• The employee cannot show you their documents because of an outstanding appeal, review or application with the Home Office
  • The employee has a Certificate of Application less than six months old
  • The employee has an Application Registration Card
  • The employee is a Commonwealth citizen who started living in the UK prior to 1988

 

Please note, in the event that you are requesting a check in circumstances where the prospective or existing employee has a Certificate of Application less than six months old, or an Application Registration Card, you will need to see the original version of the document.

Where an online check is not possible, the employer should conduct a manual check.

 

Manual document checks

In order to meet your duties, you can only accept documents from the relevant Home Office guidance list to verify eligibility to work. There are three lists, which apply depending on the individual’s immigration status.

 

List A right to work documents for individuals with a permanent right to work in the UK

After the initial pre-employment check, you will not be required to carry out any further Right to Work checks on this person, as your organisation will have a continuous statutory excuse for the full duration of the person’s employment with you.

  • A passport (current or expired) showing the holder is a British citizen or a citizen of the UK and Colonies having the right of abode in the UK.
  • A passport or passport card (in either case, whether current or expired) showing that the holder is an Irish citizen.
  • A document issued by the Bailiwick of Jersey, the Bailiwick of Guernsey or the Isle of Man, which has been verified as valid by the Home Office Employer Checking Service, showing that the holder has been granted unlimited leave to enter or remain under Appendix EU to the Jersey Immigration Rules, Appendix EU to the Immigration (Bailiwick of Guernsey) Rules 2008 or Appendix EU to the Isle of Man Immigration Rules.
  • A current passport endorsed to show that the holder is exempt from immigration control, is allowed to stay indefinitely in the UK, has the right of abode in the UK, or has no time limit on their stay in the UK.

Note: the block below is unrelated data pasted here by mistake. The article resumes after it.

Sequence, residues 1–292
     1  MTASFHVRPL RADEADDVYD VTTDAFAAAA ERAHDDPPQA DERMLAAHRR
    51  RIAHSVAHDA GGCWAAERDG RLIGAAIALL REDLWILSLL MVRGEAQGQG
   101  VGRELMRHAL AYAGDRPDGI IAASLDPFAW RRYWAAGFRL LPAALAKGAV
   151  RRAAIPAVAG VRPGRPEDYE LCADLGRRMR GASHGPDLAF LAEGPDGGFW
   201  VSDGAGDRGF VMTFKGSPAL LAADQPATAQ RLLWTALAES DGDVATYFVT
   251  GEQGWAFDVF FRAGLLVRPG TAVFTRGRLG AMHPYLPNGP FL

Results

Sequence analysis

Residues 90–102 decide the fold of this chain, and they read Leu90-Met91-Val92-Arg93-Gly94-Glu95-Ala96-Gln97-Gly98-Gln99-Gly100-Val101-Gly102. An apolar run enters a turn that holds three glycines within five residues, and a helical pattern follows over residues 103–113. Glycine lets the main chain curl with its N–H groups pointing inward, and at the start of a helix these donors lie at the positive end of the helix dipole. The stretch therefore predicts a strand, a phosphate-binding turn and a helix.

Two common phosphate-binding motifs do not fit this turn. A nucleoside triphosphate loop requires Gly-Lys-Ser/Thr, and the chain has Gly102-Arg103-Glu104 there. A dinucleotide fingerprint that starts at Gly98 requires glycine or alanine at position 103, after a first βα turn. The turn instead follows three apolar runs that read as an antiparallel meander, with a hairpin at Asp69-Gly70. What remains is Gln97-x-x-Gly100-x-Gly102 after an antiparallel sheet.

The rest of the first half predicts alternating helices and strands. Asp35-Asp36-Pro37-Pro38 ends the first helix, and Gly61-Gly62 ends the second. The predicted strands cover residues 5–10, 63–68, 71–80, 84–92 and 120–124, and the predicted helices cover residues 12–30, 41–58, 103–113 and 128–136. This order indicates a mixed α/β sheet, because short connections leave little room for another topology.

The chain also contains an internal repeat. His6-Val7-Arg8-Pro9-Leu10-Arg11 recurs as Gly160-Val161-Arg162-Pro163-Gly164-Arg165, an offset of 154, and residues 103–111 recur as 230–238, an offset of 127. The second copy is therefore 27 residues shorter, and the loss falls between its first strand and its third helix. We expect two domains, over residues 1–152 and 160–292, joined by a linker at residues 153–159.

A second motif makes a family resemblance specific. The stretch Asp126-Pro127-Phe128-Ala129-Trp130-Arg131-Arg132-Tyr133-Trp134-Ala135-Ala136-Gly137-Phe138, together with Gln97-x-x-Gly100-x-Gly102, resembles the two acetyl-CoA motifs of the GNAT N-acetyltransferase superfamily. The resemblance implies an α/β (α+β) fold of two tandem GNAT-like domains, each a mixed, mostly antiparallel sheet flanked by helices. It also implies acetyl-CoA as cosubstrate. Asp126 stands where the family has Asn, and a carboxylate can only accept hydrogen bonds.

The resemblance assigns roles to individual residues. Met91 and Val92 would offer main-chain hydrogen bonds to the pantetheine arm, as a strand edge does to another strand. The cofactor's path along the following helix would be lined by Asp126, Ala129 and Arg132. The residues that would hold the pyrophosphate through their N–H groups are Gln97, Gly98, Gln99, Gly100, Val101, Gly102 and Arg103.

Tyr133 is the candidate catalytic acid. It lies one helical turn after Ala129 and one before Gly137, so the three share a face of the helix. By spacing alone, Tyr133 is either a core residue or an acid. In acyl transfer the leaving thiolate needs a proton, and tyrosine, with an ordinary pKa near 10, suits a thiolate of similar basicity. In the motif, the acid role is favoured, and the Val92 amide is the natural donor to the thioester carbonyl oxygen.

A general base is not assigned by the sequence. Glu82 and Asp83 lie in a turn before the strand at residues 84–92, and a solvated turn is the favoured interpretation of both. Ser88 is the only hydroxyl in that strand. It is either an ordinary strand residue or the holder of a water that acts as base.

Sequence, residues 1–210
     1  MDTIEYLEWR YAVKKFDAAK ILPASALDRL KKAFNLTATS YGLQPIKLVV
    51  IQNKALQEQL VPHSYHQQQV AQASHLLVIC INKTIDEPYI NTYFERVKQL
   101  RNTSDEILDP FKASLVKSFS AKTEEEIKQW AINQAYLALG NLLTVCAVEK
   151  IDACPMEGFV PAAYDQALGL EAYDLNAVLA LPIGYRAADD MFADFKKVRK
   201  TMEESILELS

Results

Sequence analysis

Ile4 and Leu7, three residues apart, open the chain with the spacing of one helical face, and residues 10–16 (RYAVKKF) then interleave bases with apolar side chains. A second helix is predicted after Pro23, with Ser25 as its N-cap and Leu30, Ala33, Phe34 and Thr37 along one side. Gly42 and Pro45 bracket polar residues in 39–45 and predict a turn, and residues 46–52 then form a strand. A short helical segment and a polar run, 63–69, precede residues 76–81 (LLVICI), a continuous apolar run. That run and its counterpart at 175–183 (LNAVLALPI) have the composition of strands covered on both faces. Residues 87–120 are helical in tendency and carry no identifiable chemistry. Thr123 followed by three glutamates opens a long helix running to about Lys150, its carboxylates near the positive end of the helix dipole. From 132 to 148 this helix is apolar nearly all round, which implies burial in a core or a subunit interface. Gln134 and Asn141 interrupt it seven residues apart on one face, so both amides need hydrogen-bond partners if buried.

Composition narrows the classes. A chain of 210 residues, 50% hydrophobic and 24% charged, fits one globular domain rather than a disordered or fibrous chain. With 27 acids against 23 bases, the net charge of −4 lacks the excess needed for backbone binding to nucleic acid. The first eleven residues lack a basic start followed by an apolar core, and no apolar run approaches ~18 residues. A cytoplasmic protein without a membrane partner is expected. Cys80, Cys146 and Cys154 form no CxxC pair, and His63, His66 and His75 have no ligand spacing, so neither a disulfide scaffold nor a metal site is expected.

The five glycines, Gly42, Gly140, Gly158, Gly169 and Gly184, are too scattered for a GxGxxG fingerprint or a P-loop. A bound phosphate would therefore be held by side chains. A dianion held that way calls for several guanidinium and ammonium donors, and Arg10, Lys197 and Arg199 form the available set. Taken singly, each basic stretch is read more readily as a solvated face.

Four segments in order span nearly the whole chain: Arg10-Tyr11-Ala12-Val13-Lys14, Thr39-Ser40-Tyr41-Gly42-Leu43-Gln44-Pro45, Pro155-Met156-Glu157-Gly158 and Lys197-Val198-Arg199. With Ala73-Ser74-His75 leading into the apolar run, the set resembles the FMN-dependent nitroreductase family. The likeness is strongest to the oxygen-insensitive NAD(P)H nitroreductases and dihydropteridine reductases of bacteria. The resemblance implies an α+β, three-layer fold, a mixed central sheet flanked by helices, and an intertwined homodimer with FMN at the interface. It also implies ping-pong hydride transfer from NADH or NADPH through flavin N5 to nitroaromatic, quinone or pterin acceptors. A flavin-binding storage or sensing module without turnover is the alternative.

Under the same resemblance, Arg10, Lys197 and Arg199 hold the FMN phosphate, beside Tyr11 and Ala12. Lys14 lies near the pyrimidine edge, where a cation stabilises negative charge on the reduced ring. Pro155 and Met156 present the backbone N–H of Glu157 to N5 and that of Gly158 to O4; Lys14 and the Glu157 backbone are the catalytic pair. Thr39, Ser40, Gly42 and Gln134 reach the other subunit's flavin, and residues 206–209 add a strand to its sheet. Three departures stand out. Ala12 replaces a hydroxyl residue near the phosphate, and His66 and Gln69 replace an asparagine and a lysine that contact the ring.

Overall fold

• A current Immigration Status Document issued by the Home Office to the holder with an endorsement indicating that the named person is allowed to stay indefinitely in the UK or has no time limit on their stay in the UK, together with an official document giving the person’s permanent National Insurance number and their name issued by a government agency or a previous employer.
  • A birth or adoption certificate issued in the UK, together with an official document giving the person’s permanent National Insurance number and their name issued by a government agency or a previous employer[footnote 1] .
  • A birth or adoption certificate issued in the Channel Islands, the Isle of Man or Ireland, together with an official document giving the person’s permanent National Insurance number and their name issued by a government agency or a previous employer.
  • A certificate of registration or naturalisation as a British citizen, together with an official document giving the person’s permanent National Insurance number and their name issued by a government agency or a previous employer.

 

List B right to work documents for individuals with a temporary right to work in the UK

List B Group 1 

Employers have a time-limited statutory excuse which expires when the person’s permission to be in the UK expires. You should carry out a follow-up check when the document evidencing their permission to work expires.

  • A current passport endorsed to show that the holder is allowed to stay in the UK and is currently allowed to do the type of work in question[footnote 2].